Floods and Drought Emergencies Raising Doubts about Water Officials' Motives and Credibility

 

 
IMMEDIATE RELEASE: 13 February 2017  
Contact person, Patrick Porgans, (916) 833-8734 or 543-0780 for additional information 
 
Californians are under the weather; inundated by a plethora of mixed messages.
Back in January 2014, Governor Jerry Brown’s issued a Drought State of Emergency Proclamation, which, prompted State Water Board members to issue mandatory water cutbacks in the urban sector, while exempting agriculture.  
Recognizing persistent yet less severe drought conditions throughout California, on February 8, 2017, the State Water Board adopted an emergency water conservation regulation to amend and extend the drought emergency regulation. The details regarding the renewal of the drought emergency will be 
discussed in Part Two of this series of articles. 
On February 9th Gov. Brown to appeal to the Trump Administration, specifically, requesting that the Federal Emergency Management Agency (FEMA) declare a major disaster after the state was hammered by storms, floods and mudslides.  
On February 9th Gov. Brown to appeal to the Trump Administration, specifically, requesting that the Federal Emergency Management Agency (FEMA) declare a major disaster after the state was hammered by storms, floods and mudslides.  
Meanwhile, almost every major reservoir in the state is storing and releasing flood waters, major highways have been shut down, levees have been breached, mandatory evacuations issued due to largescale flooding.  
Flooding has been exacerbated due to a collapse of a portion of the gated flood control spillway, at the State Water Project’s Oroville Dam and Reservoir, second largest reservoir in the State.  
While the media frenzy has focused on the spillway crises and a yet-to-be determined fix; reporters apparently did not ask DWR officials where is the Emergency Action Plan, required by federal law in the event the flood-control facilities fail (gated flood control spillway and the auxiliary emergency spillway).  
According to State Department of Water Resources’ (DWR) officials, responsible for the maintenance and operation of the dam and reservoir, when they began to ramp up floodwater releases into the gated flood control spillway outlet, a maintenance person discovered a failure in the spillway’s concrete lining. The damage caused DWR officials to cut back floodwater releases from 30,008 cubic feet per second (CFS) to 5,000 CFS. At that time, inflow into the reservoir was 129,300 cfs.  
Figure 1: Damaged Spillways Associate Press 
Cutting back on flood releases caused floodwaters to pour over the top of the Dam’s emergency spillway, washing trees, boulder and debris into the Feather River. Documents obtained from DWR indicate that it did not believe that it was necessary to clear and maintain the area below the emergency spillway. Apparently, it was bad judgment on DWR’s behalf.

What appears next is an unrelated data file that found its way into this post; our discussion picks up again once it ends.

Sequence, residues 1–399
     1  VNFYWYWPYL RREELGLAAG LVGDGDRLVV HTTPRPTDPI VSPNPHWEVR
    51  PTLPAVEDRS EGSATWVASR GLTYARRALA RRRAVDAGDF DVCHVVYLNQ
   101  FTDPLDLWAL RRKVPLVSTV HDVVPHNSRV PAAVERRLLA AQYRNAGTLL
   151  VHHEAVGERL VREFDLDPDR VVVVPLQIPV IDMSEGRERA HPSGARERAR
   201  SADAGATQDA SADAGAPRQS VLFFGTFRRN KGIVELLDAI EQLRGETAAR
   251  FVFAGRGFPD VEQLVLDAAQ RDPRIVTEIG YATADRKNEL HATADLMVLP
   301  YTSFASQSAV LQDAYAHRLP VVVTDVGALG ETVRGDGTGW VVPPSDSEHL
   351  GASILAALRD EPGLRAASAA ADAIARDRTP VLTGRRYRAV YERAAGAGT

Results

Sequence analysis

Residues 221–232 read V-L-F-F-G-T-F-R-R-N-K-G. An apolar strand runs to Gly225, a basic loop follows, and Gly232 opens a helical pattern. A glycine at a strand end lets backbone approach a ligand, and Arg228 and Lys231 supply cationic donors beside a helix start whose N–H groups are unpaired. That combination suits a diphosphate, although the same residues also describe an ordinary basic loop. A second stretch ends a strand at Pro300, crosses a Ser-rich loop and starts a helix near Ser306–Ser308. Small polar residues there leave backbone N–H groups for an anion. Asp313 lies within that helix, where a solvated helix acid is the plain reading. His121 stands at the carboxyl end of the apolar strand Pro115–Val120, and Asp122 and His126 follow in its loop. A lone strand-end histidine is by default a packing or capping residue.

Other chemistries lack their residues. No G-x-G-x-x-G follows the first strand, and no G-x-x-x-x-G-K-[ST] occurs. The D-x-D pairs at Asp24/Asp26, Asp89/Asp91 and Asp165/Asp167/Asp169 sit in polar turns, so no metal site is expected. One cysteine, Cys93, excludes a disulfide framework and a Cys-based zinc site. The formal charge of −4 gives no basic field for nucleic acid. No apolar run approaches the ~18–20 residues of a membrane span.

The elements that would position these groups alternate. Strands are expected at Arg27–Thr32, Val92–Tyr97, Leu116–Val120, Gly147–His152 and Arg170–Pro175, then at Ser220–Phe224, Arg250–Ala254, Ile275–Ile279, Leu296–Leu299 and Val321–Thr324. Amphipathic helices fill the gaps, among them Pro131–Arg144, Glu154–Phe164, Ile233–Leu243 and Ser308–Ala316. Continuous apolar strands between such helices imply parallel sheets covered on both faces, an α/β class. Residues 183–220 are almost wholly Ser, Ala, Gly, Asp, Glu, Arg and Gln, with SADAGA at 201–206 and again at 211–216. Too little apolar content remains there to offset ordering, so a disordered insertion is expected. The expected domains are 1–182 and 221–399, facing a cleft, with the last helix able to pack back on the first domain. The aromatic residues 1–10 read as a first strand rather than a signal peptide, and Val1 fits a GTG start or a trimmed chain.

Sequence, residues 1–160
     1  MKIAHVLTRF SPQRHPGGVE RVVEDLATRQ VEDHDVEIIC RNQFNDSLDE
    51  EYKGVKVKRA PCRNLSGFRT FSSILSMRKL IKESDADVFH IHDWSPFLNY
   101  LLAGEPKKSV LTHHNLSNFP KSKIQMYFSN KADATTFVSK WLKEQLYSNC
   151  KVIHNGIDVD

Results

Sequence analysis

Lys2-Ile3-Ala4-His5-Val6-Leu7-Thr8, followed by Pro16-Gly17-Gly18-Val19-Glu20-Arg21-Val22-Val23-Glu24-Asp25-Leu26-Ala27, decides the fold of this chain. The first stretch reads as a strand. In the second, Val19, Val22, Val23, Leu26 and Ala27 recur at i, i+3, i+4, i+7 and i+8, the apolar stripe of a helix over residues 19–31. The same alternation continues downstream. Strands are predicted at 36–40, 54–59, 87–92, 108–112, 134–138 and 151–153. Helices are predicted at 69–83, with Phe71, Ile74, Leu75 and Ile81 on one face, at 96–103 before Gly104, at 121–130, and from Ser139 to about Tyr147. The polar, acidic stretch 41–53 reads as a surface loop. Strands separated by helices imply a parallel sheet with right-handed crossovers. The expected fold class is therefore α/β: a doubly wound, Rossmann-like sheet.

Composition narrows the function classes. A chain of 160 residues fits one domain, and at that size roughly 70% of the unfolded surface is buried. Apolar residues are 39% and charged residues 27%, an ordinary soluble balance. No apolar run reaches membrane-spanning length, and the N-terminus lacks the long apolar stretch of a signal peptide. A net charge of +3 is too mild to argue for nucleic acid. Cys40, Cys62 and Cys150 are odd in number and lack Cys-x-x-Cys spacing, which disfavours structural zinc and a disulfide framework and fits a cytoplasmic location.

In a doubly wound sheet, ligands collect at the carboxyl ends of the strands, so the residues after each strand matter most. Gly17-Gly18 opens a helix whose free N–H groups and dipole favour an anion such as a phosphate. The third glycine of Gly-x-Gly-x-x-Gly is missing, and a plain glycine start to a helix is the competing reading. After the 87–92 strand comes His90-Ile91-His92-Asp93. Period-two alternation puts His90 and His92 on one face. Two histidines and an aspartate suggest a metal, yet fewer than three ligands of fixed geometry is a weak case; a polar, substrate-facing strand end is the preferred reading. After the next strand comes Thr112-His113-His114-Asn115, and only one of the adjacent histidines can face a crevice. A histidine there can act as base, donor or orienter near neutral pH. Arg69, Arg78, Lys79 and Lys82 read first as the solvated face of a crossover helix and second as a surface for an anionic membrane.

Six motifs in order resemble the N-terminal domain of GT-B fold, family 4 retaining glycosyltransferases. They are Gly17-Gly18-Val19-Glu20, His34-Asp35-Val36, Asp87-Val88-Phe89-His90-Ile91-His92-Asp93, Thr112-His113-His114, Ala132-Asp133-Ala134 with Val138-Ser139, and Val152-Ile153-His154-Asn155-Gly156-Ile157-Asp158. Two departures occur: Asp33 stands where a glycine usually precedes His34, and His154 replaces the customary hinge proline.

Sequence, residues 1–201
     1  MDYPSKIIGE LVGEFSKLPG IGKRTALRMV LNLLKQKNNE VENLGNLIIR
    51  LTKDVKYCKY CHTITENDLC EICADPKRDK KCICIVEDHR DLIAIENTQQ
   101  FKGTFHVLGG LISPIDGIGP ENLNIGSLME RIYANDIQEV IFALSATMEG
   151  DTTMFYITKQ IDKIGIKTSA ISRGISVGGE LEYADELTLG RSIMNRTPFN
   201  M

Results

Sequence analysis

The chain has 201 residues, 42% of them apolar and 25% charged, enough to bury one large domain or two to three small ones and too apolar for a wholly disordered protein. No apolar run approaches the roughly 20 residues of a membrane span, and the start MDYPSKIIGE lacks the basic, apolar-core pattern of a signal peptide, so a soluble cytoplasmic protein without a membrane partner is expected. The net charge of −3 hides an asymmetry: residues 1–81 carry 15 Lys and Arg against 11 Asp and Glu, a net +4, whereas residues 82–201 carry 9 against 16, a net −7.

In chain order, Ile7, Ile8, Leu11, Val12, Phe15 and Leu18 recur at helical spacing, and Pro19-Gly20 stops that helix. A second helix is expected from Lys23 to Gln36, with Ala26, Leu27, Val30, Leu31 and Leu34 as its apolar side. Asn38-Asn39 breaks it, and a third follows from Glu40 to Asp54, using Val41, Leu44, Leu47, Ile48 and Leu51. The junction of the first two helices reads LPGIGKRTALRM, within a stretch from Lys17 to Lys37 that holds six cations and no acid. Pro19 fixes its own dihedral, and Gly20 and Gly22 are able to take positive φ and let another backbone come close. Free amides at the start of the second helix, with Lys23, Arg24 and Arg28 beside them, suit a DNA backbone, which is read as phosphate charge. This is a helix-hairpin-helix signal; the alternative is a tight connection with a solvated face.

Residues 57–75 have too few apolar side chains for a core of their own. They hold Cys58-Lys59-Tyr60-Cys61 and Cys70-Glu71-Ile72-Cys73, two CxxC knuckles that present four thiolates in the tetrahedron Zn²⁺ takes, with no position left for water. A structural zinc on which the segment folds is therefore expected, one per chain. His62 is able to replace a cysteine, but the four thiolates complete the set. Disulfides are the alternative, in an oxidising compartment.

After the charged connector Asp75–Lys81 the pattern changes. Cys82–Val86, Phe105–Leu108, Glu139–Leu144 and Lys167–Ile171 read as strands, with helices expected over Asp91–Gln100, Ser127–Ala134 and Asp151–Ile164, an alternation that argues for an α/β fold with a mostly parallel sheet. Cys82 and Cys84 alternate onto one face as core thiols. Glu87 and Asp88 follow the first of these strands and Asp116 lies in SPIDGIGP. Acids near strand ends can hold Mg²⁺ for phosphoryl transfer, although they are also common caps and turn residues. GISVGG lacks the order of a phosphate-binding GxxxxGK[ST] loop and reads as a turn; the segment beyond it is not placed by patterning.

At that time, DWR officials make a decision to cut floodwater releases to assess the damage, while the reservoir became full spilling water over the uncontrolled emergency spillway.   
in accordance with federal flood control rules and regulations. However, a close examination of the manner in which the floodwater releases were being made prior to the spillway failure is now the subject of a Forensic Accounting by Porgans & Associates, which has an ongoing “reservoir watch program of all section 7 reservoirs”, since 1985. On 9 February, 2017, Oroville Reservoir was at 80 percent of capacity and at 120 percent of “normal”.  
Seven days into the collapse of the gated spillway and subsequent floodwater pouring over the dam’s emergency spillway DWR officials are still floundering around conjuring up a list of contingency plan to provide a temporary fix to an impending catastrophe. The spillway, located on the right abutment of the dam, has two separate elements: a controlled gated outlet and an emergency uncontrolled spillway designed to convey excess water over the spillway weir and down the undeveloped side canyon slope to the river.   
Since the advent of this conundrum DWR and police authorities had kept reassuring the public there was no threat to their safety. However, yesterday, officials issued a mandatory evacuation affecting more than 100,000 residents to get to higher ground as there was concern that the integrity of the spillway could be compromised.  
Prior to the failure of the spillway DWR was already storing floodwater in the “Designated Flood Storage Space.” Although federal flood control regulations provide for the use of this space, flood storage and releases are determined by other ruling factors; i.e., ground wetness index (soil saturation), antecedent precipitation, inflow and outflow requirements included in the Oroville Flood Control Diagram.